You can easily re-create the highlights by opening the book page or article, selecting the text, and clicking “Highlight.”

Citations (0)
Some of your citations are legacy items.

Any citation created before July 30, 2012 will labeled as a “Cited page.” New citations will be saved as cited passages, pages or articles.

We also added the ability to view new citations from your projects or the book or article where you created them.

Notes (0)
Bookmarks (0)

You have no saved items from this article

Project items include:
  • Saved book/article
  • Highlights
  • Quotes/citations
  • Notes
  • Bookmarks
Notes
Cite this article

Cited article

Style
Citations are available only to our active members.
Sign up now to cite pages or passages in MLA, APA and Chicago citation styles.

(Einhorn, 1992, p. 25)

(Einhorn 25)

1

1. Lois J. Einhorn, Abraham Lincoln, the Orator: Penetrating the Lincoln Legend (Westport, CT: Greenwood Press, 1992), 25, http://www.questia.com/read/27419298.

Cited article

Latent Prints: A Perspective on the State of the Science
Settings

Settings

Typeface
Text size Smaller Larger Reset View mode
Search within

Search within this article

Look up

Look up a word

  • Dictionary
  • Thesaurus
Please submit a word or phrase above.
Print this page

Print this page

Why can't I print more than one page at a time?

Full screen

matching results for page

Cited passage

Style
Citations are available only to our active members.
Sign up now to cite pages or passages in MLA, APA and Chicago citation styles.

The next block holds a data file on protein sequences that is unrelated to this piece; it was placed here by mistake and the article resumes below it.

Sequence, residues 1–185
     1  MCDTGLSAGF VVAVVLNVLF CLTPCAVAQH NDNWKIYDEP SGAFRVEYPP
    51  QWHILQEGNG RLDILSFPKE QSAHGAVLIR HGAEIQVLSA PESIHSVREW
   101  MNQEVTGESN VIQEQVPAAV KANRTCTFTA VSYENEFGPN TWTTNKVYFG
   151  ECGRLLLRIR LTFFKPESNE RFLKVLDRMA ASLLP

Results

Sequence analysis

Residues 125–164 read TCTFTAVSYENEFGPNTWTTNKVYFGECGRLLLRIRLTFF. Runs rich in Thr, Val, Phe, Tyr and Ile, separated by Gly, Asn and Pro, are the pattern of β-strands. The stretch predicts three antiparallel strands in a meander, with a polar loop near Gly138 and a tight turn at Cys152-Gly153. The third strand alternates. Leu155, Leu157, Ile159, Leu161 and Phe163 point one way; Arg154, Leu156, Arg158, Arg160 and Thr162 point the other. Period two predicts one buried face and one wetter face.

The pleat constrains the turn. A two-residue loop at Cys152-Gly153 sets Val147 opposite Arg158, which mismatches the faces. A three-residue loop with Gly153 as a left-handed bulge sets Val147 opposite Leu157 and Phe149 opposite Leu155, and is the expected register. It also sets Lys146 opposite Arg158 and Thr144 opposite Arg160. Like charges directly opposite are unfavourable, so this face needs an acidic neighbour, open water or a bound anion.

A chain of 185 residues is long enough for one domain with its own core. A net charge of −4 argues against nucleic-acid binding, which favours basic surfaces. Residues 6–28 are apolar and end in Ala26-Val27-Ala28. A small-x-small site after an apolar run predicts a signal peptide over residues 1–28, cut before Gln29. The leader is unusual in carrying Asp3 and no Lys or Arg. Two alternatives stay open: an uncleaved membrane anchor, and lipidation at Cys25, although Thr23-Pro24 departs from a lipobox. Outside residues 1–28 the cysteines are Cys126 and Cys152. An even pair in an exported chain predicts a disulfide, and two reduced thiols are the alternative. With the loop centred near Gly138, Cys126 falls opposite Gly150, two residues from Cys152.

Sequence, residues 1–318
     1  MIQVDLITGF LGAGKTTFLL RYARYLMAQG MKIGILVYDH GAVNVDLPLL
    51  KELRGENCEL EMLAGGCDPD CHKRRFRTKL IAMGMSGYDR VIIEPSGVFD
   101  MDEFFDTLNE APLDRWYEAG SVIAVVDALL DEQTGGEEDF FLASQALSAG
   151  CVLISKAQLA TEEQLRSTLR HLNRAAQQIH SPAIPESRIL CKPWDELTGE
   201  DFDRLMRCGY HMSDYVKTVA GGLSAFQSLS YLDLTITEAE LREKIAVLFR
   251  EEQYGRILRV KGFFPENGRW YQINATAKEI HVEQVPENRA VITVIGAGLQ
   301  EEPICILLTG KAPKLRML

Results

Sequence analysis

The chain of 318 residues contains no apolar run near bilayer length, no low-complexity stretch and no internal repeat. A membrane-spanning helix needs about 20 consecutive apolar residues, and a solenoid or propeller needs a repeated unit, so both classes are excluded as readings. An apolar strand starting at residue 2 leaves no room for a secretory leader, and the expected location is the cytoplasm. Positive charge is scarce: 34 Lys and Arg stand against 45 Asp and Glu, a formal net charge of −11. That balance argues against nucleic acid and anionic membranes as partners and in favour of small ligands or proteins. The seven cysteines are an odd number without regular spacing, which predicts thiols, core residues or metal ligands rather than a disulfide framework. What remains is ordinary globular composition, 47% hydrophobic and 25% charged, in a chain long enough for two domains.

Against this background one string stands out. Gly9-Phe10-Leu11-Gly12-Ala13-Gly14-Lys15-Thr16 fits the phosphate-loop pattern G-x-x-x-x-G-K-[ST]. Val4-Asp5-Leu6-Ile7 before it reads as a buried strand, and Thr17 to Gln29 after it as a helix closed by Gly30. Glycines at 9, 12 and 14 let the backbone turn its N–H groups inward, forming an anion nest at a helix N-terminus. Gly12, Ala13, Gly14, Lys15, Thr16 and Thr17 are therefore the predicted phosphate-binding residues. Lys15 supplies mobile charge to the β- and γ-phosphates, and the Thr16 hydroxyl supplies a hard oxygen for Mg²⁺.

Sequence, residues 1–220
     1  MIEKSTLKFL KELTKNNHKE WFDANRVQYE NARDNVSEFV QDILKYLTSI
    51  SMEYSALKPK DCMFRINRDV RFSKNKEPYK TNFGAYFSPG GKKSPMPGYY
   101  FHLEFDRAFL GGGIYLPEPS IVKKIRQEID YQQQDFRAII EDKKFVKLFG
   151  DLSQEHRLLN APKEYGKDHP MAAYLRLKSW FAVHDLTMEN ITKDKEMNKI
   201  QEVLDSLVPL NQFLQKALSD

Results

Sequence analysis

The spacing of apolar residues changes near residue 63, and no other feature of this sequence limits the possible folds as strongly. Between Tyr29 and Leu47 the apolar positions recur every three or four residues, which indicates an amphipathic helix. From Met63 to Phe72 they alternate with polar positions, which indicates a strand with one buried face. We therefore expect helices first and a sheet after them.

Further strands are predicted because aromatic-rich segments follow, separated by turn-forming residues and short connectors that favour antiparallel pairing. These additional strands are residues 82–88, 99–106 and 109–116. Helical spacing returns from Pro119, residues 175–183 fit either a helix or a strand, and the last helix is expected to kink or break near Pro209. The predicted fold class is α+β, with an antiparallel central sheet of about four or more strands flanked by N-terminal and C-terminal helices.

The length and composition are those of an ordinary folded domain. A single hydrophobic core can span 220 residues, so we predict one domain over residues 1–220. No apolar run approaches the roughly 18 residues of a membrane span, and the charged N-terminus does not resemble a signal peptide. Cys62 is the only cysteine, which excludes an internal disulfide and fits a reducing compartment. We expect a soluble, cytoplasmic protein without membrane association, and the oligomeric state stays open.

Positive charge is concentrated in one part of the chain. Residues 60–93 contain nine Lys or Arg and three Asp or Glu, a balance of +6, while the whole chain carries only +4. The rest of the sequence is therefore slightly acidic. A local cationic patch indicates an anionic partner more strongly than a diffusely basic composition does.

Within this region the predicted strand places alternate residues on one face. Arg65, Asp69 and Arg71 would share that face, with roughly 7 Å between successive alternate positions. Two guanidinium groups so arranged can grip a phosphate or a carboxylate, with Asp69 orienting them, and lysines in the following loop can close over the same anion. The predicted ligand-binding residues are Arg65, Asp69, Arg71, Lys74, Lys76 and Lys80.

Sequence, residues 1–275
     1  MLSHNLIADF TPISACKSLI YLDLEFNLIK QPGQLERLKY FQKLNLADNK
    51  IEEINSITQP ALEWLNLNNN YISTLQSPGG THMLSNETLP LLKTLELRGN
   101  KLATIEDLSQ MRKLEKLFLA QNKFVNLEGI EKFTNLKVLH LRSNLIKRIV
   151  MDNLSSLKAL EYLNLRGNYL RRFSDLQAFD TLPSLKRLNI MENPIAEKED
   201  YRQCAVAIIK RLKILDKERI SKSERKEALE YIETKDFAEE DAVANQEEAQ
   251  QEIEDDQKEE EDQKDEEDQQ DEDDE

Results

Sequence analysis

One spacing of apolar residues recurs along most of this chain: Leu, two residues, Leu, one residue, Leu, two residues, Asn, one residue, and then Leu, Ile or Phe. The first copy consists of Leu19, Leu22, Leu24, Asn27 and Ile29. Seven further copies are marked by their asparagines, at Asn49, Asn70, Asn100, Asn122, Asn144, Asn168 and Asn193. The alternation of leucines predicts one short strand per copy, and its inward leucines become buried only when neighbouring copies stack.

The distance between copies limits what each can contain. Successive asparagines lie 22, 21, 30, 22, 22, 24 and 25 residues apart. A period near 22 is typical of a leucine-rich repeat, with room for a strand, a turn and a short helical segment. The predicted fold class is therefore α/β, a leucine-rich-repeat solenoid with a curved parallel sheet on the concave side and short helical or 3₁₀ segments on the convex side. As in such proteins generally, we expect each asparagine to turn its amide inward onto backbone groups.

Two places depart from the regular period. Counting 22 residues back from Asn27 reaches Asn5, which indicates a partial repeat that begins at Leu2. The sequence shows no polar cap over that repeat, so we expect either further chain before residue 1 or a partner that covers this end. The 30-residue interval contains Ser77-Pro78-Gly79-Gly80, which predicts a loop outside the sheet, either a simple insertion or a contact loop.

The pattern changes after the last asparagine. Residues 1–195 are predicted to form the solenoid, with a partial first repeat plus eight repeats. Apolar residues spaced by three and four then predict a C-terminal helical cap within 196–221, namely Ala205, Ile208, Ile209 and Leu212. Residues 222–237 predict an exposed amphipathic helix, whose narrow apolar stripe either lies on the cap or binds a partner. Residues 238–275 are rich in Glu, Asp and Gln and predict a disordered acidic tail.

"Portraying himself as an honest, ordinary person helped Lincoln identify with his audiences." (Einhorn, 1992, p. 25).

"Portraying himself as an honest, ordinary person helped Lincoln identify with his audiences." (Einhorn 25)

"Portraying himself as an honest, ordinary person helped Lincoln identify with his audiences."1

1. Lois J. Einhorn, Abraham Lincoln, the Orator: Penetrating the Lincoln Legend (Westport, CT: Greenwood Press, 1992), 25, http://www.questia.com/read/27419298.

Cited passage

Welcome to the new Questia Reader

The Questia Reader has been updated to provide you with an even better online reading experience.  It is now 100% Responsive, which means you can read our books and articles on any sized device you wish.  All of your favorite tools like notes, highlights, and citations are still here, but the way you select text has been updated to be easier to use, especially on touchscreen devices.  Here's how:

1. Click or tap the first word you want to select.
2. Click or tap the last word you want to select.

OK, got it!

Thanks for trying Questia!

Please continue trying out our research tools, but please note, full functionality is available only to our active members.

Your work will be lost once you leave this Web page.

For full access in an ad-free environment, sign up now for a FREE, 1-day trial.

Already a member? Log in now.